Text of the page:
Last year’s Demandbase ABM Innovation Summit was going to be all about ABM. That’s what I thought when I arrived to write about it. And yes, there was a day of ABM strategy certification for practitioners, followed by a full day of talks and panels devoted to every aspect of the subject. But what I heard throughout the event was: AI. In fact, in my coverage, I called AI “the beating heart of ABM.”
A year later, it’s safe to assume that practitioners and thought leaders at the upcoming 2018 Summit will dig even deeper into the role advanced algorithms play in two key aspects of cutting edge ABM. First, by enabling brands to personalize content at scale: Selling to accounts still means selling to people, with different skills, interests, and needs at different points in the buying cycle. Second, by expanding the potential market for brands by identifying lookalike accounts — often accounts sales teams might otherwise overlook — which are displaying the behavior and intent which should put them squarely in the cross-hairs, alongside known premium accounts, for marketing and sales purposes.
Chris Golec, founder and CEO of Demandbase, sat down with our own Amy Onorato to talk about how the Summit has evolved, and what to expect this year.
“The conference started about four or five years ago, and it’s a customer’s Summit; it’s really an industry event for thought leadership topics rather than a Demandbase show. It’s one day of best practices from companies ranging from Salesforce.com to healthcare companies. Then we’ll have some analysts present as well. It’s about what’s coming next in ABM. And then there’s a day focused on ABM certification in the workshops. Some small companies have very sophisticated practices in place, while some big companies still don’t know what it is, so we offer this whole certification program. For Microsoft, a couple of years ago, we certified 150 people.”
Another thing to expect at the event is “much richer ABM analytics,” looking at the impact of programs, and tracking from the top of the funnel through to revenue outcomes. Everything is moving faster too. There’s so much real-time intent data coming through Demandbase now, that it can alert customers to when a prospect is researching a competitor product.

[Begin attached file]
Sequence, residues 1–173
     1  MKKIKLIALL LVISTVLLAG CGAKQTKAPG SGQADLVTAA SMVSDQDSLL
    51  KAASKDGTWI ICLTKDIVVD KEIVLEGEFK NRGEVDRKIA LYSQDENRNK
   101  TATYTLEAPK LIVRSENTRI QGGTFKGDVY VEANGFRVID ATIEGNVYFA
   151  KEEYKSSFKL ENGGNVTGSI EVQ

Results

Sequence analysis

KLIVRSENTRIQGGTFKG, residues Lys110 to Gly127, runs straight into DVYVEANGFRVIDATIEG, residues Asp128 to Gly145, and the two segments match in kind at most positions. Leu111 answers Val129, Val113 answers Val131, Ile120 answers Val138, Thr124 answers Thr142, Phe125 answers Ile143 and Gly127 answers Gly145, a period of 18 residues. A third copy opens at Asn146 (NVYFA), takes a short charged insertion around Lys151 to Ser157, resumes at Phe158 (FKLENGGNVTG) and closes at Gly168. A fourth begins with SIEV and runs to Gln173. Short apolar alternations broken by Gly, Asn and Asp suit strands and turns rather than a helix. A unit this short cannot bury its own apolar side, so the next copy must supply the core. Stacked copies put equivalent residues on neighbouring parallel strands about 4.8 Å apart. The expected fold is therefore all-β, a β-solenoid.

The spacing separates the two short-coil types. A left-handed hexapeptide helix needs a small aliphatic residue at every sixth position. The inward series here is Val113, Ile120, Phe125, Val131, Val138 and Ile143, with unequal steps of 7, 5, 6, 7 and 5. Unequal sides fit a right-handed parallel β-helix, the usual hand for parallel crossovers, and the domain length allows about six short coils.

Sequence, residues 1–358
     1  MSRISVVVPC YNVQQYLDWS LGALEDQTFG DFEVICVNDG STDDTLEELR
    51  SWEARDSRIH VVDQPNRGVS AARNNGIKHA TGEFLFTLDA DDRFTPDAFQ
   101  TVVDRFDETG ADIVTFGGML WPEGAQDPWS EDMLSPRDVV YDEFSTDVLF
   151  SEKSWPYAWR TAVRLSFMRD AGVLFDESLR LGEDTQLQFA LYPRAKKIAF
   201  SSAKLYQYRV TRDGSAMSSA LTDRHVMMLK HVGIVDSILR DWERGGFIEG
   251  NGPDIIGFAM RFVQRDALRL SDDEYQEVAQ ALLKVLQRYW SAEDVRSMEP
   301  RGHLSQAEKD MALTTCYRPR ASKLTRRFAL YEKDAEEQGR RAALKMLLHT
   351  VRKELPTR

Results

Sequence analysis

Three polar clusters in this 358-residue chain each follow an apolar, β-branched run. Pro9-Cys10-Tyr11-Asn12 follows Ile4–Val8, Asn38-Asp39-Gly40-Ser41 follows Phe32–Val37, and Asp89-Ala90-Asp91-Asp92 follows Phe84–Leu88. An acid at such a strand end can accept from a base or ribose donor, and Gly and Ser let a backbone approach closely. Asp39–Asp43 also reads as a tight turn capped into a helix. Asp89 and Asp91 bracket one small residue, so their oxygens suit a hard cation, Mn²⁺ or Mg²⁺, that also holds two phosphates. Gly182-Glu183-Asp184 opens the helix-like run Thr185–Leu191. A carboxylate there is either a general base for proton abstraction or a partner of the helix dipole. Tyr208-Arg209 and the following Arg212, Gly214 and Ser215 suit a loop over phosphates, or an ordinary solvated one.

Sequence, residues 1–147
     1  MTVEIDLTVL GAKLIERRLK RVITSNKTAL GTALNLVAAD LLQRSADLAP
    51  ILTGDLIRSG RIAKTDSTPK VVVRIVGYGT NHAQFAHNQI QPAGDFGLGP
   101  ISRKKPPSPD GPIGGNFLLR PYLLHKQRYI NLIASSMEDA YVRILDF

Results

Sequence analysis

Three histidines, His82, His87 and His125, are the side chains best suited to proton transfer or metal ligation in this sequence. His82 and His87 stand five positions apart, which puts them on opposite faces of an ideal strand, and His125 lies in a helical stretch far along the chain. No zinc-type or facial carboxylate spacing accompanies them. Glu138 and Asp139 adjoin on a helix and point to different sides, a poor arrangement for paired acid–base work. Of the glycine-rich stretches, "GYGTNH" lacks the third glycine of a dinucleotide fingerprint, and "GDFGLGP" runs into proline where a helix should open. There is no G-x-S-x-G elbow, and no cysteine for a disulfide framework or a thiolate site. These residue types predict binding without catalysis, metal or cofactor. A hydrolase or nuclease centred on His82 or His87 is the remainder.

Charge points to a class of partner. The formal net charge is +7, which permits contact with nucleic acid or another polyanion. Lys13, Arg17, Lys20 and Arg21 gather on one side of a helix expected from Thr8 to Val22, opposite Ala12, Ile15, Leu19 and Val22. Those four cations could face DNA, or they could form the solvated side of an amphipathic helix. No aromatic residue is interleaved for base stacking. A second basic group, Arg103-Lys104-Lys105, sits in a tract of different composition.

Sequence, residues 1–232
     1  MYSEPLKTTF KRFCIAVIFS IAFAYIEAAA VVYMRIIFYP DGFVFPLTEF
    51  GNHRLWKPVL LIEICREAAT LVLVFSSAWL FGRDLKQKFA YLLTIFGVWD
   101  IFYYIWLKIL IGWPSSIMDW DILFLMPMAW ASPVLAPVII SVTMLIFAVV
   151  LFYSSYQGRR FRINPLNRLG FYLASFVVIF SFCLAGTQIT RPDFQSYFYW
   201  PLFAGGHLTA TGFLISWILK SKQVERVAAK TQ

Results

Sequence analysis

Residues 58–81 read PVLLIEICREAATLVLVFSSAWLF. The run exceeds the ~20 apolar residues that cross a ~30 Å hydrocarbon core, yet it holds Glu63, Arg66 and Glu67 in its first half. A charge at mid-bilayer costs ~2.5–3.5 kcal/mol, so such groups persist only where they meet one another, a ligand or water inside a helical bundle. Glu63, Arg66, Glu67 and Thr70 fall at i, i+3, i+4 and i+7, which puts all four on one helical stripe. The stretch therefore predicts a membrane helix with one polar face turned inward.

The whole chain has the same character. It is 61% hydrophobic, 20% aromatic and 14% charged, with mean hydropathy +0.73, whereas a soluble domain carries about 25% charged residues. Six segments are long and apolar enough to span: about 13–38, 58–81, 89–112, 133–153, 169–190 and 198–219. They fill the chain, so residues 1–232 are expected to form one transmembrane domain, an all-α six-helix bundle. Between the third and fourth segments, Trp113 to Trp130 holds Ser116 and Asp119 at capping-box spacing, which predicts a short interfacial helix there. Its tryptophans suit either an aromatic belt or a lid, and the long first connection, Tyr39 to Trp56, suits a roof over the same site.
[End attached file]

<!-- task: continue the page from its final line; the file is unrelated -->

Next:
One important impact of ABM has been on how marketing team success is measured. “It used to be about MQL’s, click-thru rates, and other things sales didn’t care about. Now it’s about close rates, deal size, and sales cycle. That’s really aligned the sales and marketing teams on the same kinds of metrics.”
Golec sees the “account” as the missing link between sales and marketing. “There’s been very little technology until recently to help people doing B2B marketing focus on accounts.” ABM, Golec believes, has now moved beyond being new, and part of the hype cycle. At this year’s conference, the concentration will be on how to get started and how to do it well. As for the need for ABM: “Sometimes I boil it down to three simple things. Are you attracting the right companies to your site? When they do engage with you online, are they getting the right content? And are you turning that into sales activity.
“If you’re waiting for somebody to fill out a form, you should go home.”
We’ll be joining Demandbase for the ABM Innovation Summit, in San Francisco, April 11-12.
Inside news on the line-up:
Speakers will include tennis star Billie Jean King; Adam Blitzer (Adam Blitzer EVP and GM of Sales Cloud, Salesforce); Elle Woulfe (VP, Marketing LookBookHQ); Michael McLaren (EVP, Merkle); John Hurley (head of product marketing, Radius); and The Daily Show’s Aasif Mandvi.